Port Hardy’s former cop Chris Voller has been nominated for a BC Reconciliation Award by his former boss Sgt. Wes Olsen and the four local First Nations and the District of Port Hardy.
Kwakiutl, Quatsino, Gwa’sala and ‘Nakwaxda’xw First Nations unanimously recommended to put forth Voller’s name for the award. The nomination package was in process when they found out Olsen had already submitted Voller’s name, so the four Nations and Port Hardy Council teamed up and added their support Olsen’s bid.
Voller spent nine years on the North Island between Port McNeill and Port Hardy, before finishing his term last October.
He saw reconciliation as a key priority for RCMP officers, a necessary relationship building as a key to successful community policing in the area, and directed his team to become part of the communities they serve, and to approach law enforcement as proactively, as opposed to re-actively, whenever possible.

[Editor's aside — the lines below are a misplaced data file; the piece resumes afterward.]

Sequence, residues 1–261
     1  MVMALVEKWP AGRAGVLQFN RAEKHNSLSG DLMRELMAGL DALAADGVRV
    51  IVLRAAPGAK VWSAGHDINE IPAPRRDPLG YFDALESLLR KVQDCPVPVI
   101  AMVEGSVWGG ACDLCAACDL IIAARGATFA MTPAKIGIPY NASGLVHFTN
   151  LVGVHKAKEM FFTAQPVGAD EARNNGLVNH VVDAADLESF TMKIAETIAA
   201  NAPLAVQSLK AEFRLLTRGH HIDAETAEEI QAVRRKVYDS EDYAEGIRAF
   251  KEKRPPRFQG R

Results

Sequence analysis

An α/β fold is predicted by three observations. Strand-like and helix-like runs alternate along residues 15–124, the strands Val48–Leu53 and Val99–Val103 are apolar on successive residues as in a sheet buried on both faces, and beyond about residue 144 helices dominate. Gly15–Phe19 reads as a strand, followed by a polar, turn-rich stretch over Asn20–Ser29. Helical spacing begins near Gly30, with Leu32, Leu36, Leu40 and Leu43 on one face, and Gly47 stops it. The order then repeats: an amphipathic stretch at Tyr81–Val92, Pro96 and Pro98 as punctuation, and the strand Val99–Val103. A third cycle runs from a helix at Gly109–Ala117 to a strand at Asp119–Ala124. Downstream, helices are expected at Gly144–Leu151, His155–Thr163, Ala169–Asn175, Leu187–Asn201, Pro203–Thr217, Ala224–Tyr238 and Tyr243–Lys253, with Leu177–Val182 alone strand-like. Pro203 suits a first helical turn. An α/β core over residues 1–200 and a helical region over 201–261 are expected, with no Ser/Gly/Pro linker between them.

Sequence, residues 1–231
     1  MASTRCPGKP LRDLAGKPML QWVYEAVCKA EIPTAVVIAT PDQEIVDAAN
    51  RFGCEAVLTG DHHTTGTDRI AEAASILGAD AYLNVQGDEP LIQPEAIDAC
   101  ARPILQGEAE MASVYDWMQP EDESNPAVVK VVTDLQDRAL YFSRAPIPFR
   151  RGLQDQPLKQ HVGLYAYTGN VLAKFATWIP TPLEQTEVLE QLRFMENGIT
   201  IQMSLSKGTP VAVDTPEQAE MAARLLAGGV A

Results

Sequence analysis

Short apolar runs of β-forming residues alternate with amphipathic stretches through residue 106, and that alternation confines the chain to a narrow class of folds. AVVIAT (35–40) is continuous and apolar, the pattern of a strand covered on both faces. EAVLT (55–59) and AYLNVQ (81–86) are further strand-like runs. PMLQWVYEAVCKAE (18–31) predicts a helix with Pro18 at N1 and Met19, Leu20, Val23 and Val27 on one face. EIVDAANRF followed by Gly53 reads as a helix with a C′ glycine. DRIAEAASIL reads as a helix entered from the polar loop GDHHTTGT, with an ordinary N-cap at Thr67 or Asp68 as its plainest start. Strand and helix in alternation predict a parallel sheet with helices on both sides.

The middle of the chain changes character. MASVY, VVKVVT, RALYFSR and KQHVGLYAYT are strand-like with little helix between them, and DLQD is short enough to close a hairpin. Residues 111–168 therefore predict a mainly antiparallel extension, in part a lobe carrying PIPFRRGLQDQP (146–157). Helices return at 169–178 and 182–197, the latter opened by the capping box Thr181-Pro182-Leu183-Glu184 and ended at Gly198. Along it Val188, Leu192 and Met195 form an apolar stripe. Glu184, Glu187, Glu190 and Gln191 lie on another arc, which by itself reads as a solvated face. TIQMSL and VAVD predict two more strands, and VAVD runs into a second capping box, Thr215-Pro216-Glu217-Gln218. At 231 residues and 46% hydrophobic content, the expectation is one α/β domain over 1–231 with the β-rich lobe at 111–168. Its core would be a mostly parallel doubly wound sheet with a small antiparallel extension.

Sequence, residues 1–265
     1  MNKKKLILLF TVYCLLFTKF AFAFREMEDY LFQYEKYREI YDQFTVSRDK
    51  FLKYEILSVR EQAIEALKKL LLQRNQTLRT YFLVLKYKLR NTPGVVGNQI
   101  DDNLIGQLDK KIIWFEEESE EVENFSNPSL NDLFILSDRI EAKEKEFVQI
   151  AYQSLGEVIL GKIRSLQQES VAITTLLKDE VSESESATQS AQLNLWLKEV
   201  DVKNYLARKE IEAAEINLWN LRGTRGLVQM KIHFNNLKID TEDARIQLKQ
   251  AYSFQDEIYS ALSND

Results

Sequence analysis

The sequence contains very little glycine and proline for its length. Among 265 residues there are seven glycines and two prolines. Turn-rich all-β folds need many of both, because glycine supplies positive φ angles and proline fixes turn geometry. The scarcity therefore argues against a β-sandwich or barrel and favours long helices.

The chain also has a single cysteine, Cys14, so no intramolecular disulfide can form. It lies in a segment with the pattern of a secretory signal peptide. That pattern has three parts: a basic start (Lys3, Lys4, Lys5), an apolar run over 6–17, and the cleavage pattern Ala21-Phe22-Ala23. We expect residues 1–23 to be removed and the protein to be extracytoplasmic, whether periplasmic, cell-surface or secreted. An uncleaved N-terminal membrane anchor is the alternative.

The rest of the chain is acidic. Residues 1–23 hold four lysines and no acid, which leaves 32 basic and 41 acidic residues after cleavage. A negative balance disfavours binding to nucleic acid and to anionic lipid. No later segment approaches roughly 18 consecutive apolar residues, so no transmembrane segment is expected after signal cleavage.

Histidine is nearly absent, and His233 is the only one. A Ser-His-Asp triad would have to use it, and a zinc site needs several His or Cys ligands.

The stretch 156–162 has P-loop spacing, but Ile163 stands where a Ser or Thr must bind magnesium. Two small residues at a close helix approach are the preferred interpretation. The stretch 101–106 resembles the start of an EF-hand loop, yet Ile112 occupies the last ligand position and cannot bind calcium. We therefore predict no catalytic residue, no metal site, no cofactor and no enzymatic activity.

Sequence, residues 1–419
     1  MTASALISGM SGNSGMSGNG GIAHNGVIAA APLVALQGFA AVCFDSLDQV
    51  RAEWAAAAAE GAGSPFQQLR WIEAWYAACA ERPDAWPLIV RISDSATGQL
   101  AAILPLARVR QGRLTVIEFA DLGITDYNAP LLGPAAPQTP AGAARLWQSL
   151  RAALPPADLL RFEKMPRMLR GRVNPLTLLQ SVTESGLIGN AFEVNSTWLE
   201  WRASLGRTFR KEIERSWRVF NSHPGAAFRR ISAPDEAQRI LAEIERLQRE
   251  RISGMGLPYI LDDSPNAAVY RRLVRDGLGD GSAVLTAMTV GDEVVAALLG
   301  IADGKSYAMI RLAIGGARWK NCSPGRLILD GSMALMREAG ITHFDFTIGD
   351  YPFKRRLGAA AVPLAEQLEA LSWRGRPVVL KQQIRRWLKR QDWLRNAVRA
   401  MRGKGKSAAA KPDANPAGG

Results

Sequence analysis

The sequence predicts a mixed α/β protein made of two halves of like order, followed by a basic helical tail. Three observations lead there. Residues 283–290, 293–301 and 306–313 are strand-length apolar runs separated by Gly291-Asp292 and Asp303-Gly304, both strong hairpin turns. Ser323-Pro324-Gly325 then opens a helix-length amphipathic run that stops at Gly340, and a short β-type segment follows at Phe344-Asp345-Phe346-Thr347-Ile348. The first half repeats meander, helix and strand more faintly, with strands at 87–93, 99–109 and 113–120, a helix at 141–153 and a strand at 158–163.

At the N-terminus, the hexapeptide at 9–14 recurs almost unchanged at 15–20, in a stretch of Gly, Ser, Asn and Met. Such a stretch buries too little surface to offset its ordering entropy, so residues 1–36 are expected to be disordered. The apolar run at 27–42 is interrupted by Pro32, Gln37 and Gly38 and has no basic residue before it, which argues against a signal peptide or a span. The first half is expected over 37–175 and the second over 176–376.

He was frequently seen at community gatherings, developed friendships with First Nations leaders, and supported Indigenous-led initiatives such as the Managed Alcohol Program and the Indigenous Court.
Created last November by the BC Achievement Foundation and the Lieutenant Governor’s office, this is the first round of nominations for the award.
Winners will be announced in the spring of 2021, chosen by a committee of elders, First Nations leaders and representatives from the Ministry of Indigenous Relations and Reconciliation. All the adjudicators are Indigenous people.
The award is not about winners as it is having models of excellence to share with B.C., encouraging more similar actions, said BC Achievement Foundation Executive Director Cathryn Wilson.
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